Japan (MNN) — March 11 marks one year since the 9.0 earthquake and resulting tsunami tore through the country of Japan. Hundreds of thousands of homes were destroyed, 14,000 people died, and hundreds of thousands of people were homeless.
One year later, the country continues to recover. Many are still homeless, yet ministry continues in a nation that is largely unreached with the Gospel. However, the church is still having an impact.
President of Medical Teams International Bas Vanderzalm says Christians have played an important role in the response. Medical Teams actually helped organize CRASH Japan, a Christian disaster response organization.
Vanderzalm says, "We sent in volunteer teams to help with organizing the work they were doing, so that they could do a good job and have good systems in place. We also provided some long-term volunteers."
However, Vanderzalm explains, "The situation, of course, has changed over that time. [Some] people have been able to return home, or rebuild their home. The tsunami areas are still difficult as far as restoring homes, so some people are still living in temporary shelters."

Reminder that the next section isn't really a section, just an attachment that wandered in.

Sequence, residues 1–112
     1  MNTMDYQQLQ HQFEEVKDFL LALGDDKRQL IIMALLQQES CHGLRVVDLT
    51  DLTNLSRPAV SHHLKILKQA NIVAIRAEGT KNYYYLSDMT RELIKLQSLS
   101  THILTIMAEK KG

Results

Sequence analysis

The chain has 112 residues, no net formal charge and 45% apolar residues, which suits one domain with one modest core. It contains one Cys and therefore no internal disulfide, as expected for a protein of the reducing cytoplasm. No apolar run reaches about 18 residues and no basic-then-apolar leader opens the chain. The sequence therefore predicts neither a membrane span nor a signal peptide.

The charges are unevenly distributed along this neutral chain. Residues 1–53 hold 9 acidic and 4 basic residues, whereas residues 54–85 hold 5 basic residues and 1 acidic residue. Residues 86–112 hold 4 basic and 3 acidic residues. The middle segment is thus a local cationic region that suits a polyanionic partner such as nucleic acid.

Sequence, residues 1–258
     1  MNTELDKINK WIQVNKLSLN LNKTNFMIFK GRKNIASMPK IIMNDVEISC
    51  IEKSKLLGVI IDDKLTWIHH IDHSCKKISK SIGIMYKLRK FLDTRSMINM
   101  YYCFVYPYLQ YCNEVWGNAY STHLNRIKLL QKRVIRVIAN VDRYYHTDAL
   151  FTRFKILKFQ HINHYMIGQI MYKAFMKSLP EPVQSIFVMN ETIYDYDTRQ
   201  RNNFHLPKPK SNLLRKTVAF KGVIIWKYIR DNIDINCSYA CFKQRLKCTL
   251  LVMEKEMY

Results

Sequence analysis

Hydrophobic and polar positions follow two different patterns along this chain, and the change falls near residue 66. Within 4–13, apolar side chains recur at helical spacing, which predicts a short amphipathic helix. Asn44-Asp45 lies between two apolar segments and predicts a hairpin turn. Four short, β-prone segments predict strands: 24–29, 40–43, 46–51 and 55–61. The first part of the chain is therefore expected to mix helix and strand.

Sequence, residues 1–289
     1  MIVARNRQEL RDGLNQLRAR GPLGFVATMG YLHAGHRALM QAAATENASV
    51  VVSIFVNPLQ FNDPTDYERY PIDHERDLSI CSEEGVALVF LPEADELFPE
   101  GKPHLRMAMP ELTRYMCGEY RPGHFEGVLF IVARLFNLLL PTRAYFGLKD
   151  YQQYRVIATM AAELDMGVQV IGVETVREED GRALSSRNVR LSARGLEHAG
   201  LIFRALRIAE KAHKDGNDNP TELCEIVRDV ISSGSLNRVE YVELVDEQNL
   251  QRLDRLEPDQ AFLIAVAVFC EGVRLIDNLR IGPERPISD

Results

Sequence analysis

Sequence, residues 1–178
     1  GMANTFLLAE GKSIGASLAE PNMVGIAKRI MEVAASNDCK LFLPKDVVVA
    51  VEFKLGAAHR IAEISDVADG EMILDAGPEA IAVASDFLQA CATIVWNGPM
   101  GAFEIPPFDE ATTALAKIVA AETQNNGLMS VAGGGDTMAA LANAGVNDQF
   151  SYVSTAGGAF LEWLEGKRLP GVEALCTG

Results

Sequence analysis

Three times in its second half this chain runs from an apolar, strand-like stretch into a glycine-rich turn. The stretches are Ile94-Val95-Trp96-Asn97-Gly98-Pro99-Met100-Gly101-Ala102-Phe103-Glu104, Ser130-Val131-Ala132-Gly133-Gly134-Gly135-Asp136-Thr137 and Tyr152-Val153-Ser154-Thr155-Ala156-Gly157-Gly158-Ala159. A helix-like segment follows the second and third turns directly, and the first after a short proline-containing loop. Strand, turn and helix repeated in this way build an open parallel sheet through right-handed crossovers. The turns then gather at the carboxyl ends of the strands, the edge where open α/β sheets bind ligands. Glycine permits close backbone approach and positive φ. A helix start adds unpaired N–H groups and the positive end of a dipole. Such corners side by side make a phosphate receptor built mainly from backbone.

While Japan was prepared to meet the physical needs, they haven't been as prepared to help the emotional needs. Vanderzalm says Christians are going into resettlement areas where many have lost loved ones. "What these Christian volunteers are doing is setting up mobile cafés, serving coffee and meals — not so much to provide food, but a place to talk. They need to be able to tell the story of what they experienced. That's a unique opportunity for the church."
Less than 1% of Japan's population claim to be Christian. Reaching them has been difficult — until now. "The people who are in the area there will never forget that Christians came and helped clean out their houses, helped stand with them while they were needing to talk to someone, and showed compassion to them. Already we are beginning to see people opening their hearts to Christ."
Medical Teams is committing to stay for a while. Vanderzalm says, " We're going to help them with the work they're doing, to equip churches to continue to reach out into those transitional communities. I think it'll be another year or so of support and involvement for us."
Vanderzalm says it's a new day for churches and ministry in Japan.
For $25 or $50, you can help local churches reach a family in Japan. If you'd like to help, click here.